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Interview: Dave Zirin, The Nation sports editor and "Edge of Sports" host

Graham F. Scott

Today in Verbatim, This contributing editor Andrew Wallace interviews Dave Zirin, sports editor of U.S. progressive weekly The Nation and host of Edgeofsports.com, a blog and radio show that examines the collision of politics and sports. He’s the author of several canonical books on that topic, most recently of A People’s History of Sports in the United States, […] More »

This.org will be a 100% Olympics-free zone for the next two weeks

Graham F. Scott

The Vancouver 2010 Olympic Winter Games open tonight with much fanfare, pomp, jollity, glee, grandeur, ceremony, flourish, and setting things on fire. We’ve spent, oh, about the last six weeks moaning about the whole thing, from the overblown budget to the bogus environmental claims, the sponsor bloat to the unsettled aboriginal land claims, the out-of-control […] More »
January-February 2010

The Olympics reveals our priorities as a nation. The news isn’t good.

Graham F. Scott

When Jacques Rogge, president of the International Olympic Committee, checks into his Vancouver hotel suite a few weeks from now, he will find (as he flops, exhausted, no doubt, from the strain of private jet travel) a “video wall,” paid for by the citizens of British Columbia. The bank of televisions are a requirement of […] More »

Interview with No 2010 Olympics activist Harsha Walia

Graham F. Scott

This edition of Verbatim is a transcript of Andrew Wallace in conversation with Harsha Walia of the No 2010 campaign. The original podcast of that interview is available here. Andrew is also joining us as a blog columnist, writing about the intersection of sport and society with Game Theory. The first column appeared yesterday. Be […] More »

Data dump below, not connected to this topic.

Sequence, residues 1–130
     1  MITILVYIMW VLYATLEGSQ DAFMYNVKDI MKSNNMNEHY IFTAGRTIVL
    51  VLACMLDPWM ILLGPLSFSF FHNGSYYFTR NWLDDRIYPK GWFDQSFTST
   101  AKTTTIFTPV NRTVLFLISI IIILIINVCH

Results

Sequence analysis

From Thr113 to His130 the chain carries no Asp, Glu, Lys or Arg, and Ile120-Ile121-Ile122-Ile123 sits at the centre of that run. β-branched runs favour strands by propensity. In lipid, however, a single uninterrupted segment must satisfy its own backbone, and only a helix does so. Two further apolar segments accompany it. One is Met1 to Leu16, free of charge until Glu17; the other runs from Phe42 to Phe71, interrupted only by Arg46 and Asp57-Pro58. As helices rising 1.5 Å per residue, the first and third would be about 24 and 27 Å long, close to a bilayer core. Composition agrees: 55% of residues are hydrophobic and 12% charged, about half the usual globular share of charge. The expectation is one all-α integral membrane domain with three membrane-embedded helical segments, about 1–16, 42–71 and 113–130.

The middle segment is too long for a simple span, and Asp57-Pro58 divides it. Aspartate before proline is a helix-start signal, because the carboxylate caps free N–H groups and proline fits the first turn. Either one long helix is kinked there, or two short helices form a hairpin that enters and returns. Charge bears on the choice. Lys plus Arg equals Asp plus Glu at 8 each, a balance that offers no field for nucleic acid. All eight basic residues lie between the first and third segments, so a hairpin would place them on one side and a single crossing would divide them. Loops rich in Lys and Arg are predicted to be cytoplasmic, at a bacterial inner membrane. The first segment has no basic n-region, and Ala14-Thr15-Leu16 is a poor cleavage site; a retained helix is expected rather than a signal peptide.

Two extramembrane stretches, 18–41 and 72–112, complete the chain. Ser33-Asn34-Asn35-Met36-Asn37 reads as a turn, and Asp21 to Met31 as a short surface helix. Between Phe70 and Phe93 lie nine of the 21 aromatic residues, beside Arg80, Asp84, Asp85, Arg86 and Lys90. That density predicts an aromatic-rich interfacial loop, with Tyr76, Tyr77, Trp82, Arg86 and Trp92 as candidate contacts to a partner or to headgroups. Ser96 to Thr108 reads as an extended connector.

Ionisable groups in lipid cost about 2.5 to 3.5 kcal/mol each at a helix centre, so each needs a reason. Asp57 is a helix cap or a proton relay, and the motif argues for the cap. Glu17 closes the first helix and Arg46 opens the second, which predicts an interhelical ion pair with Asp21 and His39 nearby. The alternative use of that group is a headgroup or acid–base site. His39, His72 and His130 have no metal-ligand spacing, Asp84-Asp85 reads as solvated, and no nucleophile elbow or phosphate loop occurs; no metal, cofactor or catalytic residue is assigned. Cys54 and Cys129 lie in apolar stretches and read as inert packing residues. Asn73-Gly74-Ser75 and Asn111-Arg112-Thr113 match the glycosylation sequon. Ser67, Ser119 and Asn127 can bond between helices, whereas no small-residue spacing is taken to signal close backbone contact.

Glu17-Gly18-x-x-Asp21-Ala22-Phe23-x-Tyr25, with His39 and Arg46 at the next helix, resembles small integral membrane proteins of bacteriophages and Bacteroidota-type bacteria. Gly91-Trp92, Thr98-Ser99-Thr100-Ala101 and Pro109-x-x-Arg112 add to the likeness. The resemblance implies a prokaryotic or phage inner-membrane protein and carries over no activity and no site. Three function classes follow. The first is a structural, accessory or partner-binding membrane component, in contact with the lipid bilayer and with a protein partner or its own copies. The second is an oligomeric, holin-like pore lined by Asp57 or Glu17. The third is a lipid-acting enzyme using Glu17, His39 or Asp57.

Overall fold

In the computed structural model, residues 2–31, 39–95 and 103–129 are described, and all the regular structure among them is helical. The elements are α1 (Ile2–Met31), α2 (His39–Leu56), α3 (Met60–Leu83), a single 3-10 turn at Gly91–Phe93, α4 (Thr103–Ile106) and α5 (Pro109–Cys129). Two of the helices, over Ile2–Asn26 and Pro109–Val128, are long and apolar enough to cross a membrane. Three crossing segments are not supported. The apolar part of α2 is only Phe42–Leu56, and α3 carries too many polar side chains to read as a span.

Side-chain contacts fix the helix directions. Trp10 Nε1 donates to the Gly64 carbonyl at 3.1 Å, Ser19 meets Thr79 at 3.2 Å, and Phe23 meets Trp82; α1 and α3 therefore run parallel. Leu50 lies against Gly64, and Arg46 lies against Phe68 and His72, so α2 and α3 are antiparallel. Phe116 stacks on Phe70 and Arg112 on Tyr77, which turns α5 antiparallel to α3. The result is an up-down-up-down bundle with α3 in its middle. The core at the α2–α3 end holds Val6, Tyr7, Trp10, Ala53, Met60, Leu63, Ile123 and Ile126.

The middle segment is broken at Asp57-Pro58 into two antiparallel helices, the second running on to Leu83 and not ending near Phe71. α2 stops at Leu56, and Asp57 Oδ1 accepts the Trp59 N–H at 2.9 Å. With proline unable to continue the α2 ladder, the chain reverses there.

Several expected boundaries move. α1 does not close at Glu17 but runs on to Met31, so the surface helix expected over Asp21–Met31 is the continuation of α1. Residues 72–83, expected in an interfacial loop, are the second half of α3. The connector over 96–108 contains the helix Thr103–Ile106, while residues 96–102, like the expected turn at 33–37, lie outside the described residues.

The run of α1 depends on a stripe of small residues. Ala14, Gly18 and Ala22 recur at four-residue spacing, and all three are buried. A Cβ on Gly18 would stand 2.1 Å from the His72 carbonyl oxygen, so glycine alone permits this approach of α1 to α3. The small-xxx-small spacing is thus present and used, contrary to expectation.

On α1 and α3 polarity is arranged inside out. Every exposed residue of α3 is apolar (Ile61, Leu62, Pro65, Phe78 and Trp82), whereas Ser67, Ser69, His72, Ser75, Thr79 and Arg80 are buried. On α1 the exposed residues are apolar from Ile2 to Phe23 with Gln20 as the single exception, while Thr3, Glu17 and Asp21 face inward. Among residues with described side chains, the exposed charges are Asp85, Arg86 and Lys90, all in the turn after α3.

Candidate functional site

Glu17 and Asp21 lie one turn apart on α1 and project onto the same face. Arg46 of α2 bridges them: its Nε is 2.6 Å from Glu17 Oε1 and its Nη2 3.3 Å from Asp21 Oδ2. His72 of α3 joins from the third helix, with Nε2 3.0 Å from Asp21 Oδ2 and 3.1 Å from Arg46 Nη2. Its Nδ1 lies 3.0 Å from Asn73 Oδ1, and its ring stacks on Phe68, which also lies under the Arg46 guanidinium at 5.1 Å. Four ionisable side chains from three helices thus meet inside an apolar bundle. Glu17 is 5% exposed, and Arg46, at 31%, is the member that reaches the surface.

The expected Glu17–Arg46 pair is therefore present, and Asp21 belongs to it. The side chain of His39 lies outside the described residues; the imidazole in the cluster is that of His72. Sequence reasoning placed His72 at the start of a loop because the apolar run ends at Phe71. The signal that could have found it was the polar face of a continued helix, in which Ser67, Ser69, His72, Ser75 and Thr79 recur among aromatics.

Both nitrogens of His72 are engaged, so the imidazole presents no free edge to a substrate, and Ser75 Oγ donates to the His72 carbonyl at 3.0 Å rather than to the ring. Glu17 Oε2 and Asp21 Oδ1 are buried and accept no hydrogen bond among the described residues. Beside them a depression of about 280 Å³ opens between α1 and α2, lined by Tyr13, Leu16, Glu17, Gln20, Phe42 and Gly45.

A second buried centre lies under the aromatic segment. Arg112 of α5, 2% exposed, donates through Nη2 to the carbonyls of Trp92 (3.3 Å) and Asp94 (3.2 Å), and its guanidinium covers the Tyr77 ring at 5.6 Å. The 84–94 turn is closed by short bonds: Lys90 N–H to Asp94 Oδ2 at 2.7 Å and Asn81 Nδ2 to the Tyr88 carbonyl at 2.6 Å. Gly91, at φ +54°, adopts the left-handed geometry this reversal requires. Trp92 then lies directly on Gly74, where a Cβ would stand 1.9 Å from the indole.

Game Theory #1: Learning from 2010's Olympic protest movement

andrew wallace

[Editor’s Note: Today we introduce a new blog column by Andrew Wallace, called “Game Theory,” about the intersection of sports and society. The column will appear every other Monday. Andrew wrote about Toronto’s Africentric school for the January 2009 issue of This, and also contributed last week’s podcast.] On January 11, a coalition of advocates […] More »
January-February 2010

Olympic Countdown: Quick guide to Vancouver 2010 protest do’s and don’ts

Kim Hart MacneillWebsite

Why yes, officer, I can hand out this leaflet. Maybe. It’s no doubt that clashes between protesters and police will end up being the big story of the 2010 Olympics. There are new bylaws on the books, the usual International Olympic Committee rules, our own Canadian Charter rights, and official statements from the Vancouver Police […] More »
January-February 2010

Olympic Countdown: Pride House debuts, but will athletes come out?

Kim Hart MacneillWebsite

Gay, lesbian, bisexual, and transgendered athletes will find the first-ever Olympic pavilion welcoming them in 2010, a place at the Games to hang out, chill out, or come out. “The whole purpose behind Pride House” — actually a conference room at Whistler, B.C.’s Pan Pacific Hotel—“was really to create a dialogue about homophobia within sport,” […] More »
January-February 2010

Olympic Countdown: Your at-a-glance guide to Vancouver 2010’s sponsors

Kim Hart MacneillWebsite

Want to be the official chewing gum of Vancouver 2010? At the Olympics, there’s nothing money can’t buy Our guide to some of the sponsors who want their name associated with the biggest, sportiest, Spandex-iest show on earth. Click to enlarge! More »
January-February 2010

Olympic Countdown: Adding up the real costs of Vancouver 2010

Jasmine Rezaee

Quebec spent 30 years paying off the debt it racked up for the 1976 Montreal Summer Games. There’s no reason so far to expect that Vancouver will be any different. British Columbian and Canadian taxpayers have already incurred hundreds of millions of dollars in rampant budget overruns—the Athlete’s Village and security budget are only two […] More »
January-February 2010

Olympic Countdown: Interview with 2010 Watch’s Christopher Shaw

Cate SimpsonWebsite

Christopher Shaw’s day job is professor of ophthalmology at the University of British Columbia, but since Vancouver launched its bid for the Olympics more and more of his time has been spent campaigning against the Games—first as the founder of No Games 2010 and now as lead spokesperson for 2010 Watch. Shaw’s book, Five Ring […] More »